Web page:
Medical directives are essential. Do you have a medical directive in place? Are you putting it off because you’re currently healthy, and don’t see the need? It’s more essential to establish a medical directive (which is also called an advance directive or living will), while you are healthy. This ensures you have time to make informed decisions and are of sound mind to make important choices about your care.
Types of Medical Directives
The first thing you should know about medical directives is that there are numerous types of these. Some can include living wills, durable power of attorney for healthcare, and do not resuscitate (DNR) orders. These fall under medical directives, but there are key differences between them. Living wills outline your preferences for medical treatment if you become incapacitated. A durable power of attorney for healthcare designates a person to make medical decisions on your behalf if you can’t do so. DNR orders indicate that you do not want to be resuscitated in the event of cardiac or respiratory arrest.
Importance of Medical Directives
Medical directives ensure your wishes regarding your medical care are respected, even if you are unable to communicate them. These documents also help reduce stress and confusion for your family members and medical professionals by providing clear guidance on your medical preferences. This means your loved ones don’t have to weigh over a decision and try to think about what you would want – you have decided for them and they just need to carry it out.
How to Create a Medical Directive
Creating a medical directive involves documenting your medical preferences and appointing a healthcare proxy to make medical decisions on your behalf. These documents can be created with an estate planning attorney and must be signed in the presence of witnesses or a notary public, depending on the state’s requirements.
Keeping Medical Directives Updated
It is important to review and update medical directives regularly with your estate planning attorney to ensure that they reflect your current preferences. Changes in health status, medical treatments, and personal relationships may all require updates to your medical directives. For example, if you get divorced, you might want to change who is allowed to make decisions on your behalf.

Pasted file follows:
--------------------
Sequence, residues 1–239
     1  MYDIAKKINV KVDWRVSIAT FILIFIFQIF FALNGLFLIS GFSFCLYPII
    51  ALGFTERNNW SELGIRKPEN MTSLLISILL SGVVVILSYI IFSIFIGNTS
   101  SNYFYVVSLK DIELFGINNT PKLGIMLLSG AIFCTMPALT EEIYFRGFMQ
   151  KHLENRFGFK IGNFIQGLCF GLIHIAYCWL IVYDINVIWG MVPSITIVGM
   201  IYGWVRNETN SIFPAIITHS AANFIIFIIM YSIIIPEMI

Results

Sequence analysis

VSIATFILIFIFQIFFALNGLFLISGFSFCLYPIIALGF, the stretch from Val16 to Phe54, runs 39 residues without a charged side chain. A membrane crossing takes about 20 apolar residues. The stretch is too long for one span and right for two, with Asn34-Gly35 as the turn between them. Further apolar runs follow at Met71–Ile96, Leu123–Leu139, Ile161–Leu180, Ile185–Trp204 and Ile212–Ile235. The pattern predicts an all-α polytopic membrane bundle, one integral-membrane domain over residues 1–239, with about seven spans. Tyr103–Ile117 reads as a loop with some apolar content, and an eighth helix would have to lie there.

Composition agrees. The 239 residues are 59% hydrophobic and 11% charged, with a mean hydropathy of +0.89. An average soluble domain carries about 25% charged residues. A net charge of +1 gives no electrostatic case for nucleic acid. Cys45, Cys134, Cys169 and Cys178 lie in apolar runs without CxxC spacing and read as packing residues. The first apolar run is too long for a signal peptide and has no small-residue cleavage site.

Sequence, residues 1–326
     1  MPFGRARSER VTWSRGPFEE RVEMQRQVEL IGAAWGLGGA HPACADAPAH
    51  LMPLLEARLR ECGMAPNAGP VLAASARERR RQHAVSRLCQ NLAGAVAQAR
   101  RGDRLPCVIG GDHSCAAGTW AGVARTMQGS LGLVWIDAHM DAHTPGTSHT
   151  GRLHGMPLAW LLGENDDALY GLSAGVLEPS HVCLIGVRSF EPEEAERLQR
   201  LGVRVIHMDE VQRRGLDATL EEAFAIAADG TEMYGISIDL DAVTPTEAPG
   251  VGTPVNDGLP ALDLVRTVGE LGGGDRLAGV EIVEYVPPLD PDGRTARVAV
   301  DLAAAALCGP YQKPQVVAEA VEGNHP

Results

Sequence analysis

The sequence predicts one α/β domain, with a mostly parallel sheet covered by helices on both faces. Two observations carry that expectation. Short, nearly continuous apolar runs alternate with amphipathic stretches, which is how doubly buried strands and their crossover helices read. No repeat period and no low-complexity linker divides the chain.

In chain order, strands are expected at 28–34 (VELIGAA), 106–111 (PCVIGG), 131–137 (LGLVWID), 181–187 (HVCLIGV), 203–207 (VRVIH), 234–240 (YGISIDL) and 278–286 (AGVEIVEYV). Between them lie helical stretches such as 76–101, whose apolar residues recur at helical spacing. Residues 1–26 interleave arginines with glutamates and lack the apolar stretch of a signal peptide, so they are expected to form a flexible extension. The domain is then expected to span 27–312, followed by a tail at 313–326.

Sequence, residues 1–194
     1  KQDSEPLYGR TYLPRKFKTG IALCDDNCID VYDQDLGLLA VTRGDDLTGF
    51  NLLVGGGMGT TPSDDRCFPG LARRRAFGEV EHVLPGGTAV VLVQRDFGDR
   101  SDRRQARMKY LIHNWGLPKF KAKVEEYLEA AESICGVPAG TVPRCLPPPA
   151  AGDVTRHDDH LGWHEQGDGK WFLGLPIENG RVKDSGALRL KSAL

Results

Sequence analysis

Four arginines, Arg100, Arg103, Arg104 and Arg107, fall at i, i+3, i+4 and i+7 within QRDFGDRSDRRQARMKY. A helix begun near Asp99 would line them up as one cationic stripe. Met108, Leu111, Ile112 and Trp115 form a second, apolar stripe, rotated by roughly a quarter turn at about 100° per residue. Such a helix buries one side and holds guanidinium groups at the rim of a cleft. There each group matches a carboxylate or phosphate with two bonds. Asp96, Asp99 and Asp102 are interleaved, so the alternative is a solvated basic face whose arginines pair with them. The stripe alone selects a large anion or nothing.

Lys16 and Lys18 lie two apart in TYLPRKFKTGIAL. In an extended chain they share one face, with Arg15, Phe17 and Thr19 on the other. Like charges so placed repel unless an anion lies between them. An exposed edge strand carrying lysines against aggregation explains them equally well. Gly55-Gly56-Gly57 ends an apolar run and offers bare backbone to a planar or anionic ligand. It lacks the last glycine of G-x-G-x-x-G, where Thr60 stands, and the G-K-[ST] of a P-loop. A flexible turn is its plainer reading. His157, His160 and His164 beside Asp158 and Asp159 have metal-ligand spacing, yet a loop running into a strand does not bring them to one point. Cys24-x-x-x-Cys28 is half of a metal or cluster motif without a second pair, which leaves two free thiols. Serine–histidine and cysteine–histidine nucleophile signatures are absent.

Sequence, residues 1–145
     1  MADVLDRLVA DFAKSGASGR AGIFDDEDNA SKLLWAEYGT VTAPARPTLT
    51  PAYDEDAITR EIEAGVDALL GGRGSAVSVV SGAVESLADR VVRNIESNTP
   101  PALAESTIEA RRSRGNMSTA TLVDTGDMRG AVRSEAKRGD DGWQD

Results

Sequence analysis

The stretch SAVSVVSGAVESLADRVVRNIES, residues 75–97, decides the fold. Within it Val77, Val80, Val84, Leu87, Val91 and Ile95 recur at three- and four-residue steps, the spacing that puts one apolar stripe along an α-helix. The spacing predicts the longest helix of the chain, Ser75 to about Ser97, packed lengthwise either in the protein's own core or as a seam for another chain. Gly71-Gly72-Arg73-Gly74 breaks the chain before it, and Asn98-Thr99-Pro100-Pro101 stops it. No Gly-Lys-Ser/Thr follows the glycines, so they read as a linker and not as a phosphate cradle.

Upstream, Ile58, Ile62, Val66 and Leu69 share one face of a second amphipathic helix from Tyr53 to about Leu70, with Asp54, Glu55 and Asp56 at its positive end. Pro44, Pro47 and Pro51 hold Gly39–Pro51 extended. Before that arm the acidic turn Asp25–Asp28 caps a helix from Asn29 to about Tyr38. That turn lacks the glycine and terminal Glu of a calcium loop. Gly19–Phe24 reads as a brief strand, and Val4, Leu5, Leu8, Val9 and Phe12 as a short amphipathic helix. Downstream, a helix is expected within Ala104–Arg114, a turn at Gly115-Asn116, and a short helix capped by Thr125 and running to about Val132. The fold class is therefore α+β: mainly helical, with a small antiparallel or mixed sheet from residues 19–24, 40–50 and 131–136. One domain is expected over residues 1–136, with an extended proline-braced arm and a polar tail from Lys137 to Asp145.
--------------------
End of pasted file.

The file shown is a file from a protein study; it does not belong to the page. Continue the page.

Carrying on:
Accessing Medical Directives
Medical directives should be stored in a safe and accessible location, and copies should be provided to family members, healthcare providers, and the designated healthcare proxy. Medical alert bracelets or wallet cards can also be used to provide quick access to your medical directives in an emergency. It’s essential to make sure the right people are informed so your wishes are carried out.
Medical directives let you make decisions about your medical care long before you fall ill. These ensure your wishes are followed and that the right people are communicating your choices on your behalf. It’s important to work with an estate planning attorney to create your medical directives and update them as needed.
Why Hire Us
Medical directives are not just for the elderly or terminally ill. These are for everyone – and should be established when you are healthy. This gives you the most control over your care when you do fall ill. To create your medical directives, let our estate planning attorneys at Johnstone Adams LLC help you.
Ranked in the 2023 U.S. News – Best Lawyers® “Best Law Firms” list regionally in 12 practice areas, we have experts in many areas of law to give our clients top-notch representation. In business for more than a century, our firm can mix its experience with the ability to evolve with the changing times.
To get started, contact us at 844-682-7682 or email@example.com.